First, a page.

31 And he will send his angels with a loud trumpet call, and they will gather his elect from the four winds, from one end of the heavens to the other.

Angels help by protecting those who are representing Him (Dan 6:22)

22 My God sent his angel, and he shut the mouths of the lions. They have not hurt me, because I was found innocent in his sight. Nor have I ever done any wrong before you, O king."

Angels help because God speaks through them (Heb 2:2-3)

2 For if the message spoken by angels was binding, and every violation and disobedience received its just punishment, 3 how shall we escape if we ignore such a great salvation? This salvation, which was first announced by the Lord, was confirmed to us by those who heard him.

Angels help because they are stronger and more powerful (2 Peter 2:11)

11 yet even angels, although they are stronger and more powerful, do not bring slanderous accusations against such beings in the presence of the Lord.

Angels help because they minister to Jesus (Heb 1:6-7)

6 And again, when God brings his firstborn into the world, he says, "Let all God's angels worship him."  7 In speaking of the angels he says, "He makes his angels winds, his servants flames of fire."

Angels help because they are to be part of Jesus' powerful army (2 Thess 1:6-7)

6 God is just: He will pay back trouble to those who trouble you 7 and give relief to you who are troubled, and to us as well. This will happen when the Lord Jesus is revealed from heaven in blazing fire with his powerful angels.


Seeking Jesus should not include fear (4)

No fear because through the Holy Spirit we have been freed from slavery of fear (Rom 8:15)

15 For you did not receive a spirit that makes you a slave again to fear, but you received the Spirit of sonship. And by him we cry, "Abba, Father."

No fear because God is our helper (Heb 13:6)

6 So we say with confidence, "The Lord is my helper; I will not be afraid. What can man do to me?"

No fear because God is our refuge and strength (Ps 46:1-3)

46 God is our refuge and strength, an ever-present help in trouble. 2 Therefore we will not fear, though the earth give way and the mountains fall into the heart of the sea, 3 though its waters roar and foam and the mountains quake with their surging. Selah

No fear because our trust is in God (Heb 2:13-16)

13 And again, "I will put my trust in him." And again he says, "Here am I, and the children God has given me."  14 Since the children have flesh and blood, he too shared in their humanity so that by his death he might destroy him who holds the power of death — that is, the devil— 15 and free those who all their lives were held in slavery by their fear of death. 16 For surely it is not angels he helps, but Abraham's descendants.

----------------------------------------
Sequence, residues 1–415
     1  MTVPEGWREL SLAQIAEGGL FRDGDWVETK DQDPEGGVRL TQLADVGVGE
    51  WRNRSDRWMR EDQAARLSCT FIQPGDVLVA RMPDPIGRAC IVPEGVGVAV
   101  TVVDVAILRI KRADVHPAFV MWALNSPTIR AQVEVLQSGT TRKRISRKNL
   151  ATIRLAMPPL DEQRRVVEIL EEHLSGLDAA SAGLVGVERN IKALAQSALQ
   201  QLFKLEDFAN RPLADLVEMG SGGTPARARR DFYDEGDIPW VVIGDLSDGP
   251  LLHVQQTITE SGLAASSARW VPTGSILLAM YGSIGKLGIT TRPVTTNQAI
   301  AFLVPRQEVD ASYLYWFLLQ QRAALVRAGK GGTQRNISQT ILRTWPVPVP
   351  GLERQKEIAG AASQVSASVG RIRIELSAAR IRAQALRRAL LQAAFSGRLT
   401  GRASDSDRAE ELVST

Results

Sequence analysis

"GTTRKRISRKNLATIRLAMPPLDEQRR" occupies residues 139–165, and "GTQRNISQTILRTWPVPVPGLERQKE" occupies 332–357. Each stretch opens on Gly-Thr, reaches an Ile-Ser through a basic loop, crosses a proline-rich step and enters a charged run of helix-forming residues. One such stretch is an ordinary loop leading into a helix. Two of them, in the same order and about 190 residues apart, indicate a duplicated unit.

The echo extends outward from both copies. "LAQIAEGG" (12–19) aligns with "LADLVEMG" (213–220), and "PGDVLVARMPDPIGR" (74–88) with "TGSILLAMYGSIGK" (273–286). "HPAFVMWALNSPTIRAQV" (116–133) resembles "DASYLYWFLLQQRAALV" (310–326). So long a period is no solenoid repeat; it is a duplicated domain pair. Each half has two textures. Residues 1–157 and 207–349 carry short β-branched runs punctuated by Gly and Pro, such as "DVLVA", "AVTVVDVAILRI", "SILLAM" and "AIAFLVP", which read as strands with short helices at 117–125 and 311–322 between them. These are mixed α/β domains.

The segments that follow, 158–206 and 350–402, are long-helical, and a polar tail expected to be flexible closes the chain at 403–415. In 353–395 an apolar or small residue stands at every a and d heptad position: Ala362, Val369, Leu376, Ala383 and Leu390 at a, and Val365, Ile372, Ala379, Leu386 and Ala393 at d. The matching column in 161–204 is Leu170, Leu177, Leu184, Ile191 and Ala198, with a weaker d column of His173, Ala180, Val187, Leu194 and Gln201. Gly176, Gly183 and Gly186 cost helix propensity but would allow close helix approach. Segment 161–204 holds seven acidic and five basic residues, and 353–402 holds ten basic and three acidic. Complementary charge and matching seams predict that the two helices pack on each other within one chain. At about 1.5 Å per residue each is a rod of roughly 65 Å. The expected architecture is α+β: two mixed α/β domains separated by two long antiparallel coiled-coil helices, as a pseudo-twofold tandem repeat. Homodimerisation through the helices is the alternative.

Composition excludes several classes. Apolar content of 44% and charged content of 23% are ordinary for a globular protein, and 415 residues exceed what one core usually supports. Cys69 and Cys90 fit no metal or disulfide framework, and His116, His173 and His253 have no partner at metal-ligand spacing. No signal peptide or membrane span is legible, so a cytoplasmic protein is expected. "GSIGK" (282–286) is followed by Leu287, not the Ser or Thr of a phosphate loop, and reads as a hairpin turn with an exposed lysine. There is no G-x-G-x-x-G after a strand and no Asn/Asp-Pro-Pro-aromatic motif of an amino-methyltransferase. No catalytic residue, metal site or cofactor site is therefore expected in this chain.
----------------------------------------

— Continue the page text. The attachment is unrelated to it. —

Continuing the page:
The Angel's Declaration of a Risen Jesus  (Matt 28:5-7)


5 But the angel answered and said to the women, "Do not be afraid, for I know that you seek Jesus who was crucified.

6 He is not here; for He is risen, as He said. Come, see the place where the Lord lay.

7 And go quickly and tell His disciples that He is risen from the dead, and indeed He is going before you into Galilee; there you will see Him. Behold, I have told you."


Fear keeps us from seeing Jesus (5)

Because fear makes us a slave (Rom 8:15)

15 For you did not receive a spirit that makes you a slave again to fear, but you received the Spirit of sonship. And by him we cry, "Abba,  Father."

Because fears causes doubt about the saving power of God (Num 17:12-13)

12 The Israelites said to Moses, "We will die! We are lost, we are all lost! 13 Anyone who even comes near the tabernacle of the LORD will die. Are we all going to die?"

Fear causes us to drive Jesus away (Luke 8:37)

37 Then all the people of the region of the Gerasenes asked Jesus to leave them, because they were overcome with fear. So he got into the boat and left.

Because the spirit of fear comes from Satan (2 Tim 1:7)

7 For God did not give us a spirit of timidity, but a spirit of power, of love and of self-discipline.

Because of Satan's deception about death (Heb 2:15)

15 and free those who all their lives were held in slavery by their fear of death.

Because there is no fear in love (1 John 4:18)

18 There is no fear in love. But perfect love drives out fear, because fear has to do with punishment. The one who fears is not made perfect in love.


Jesus was crucified (5)

Jesus was crucified at the third hour (Mark 15:25)

25 It was the third hour when they crucified him.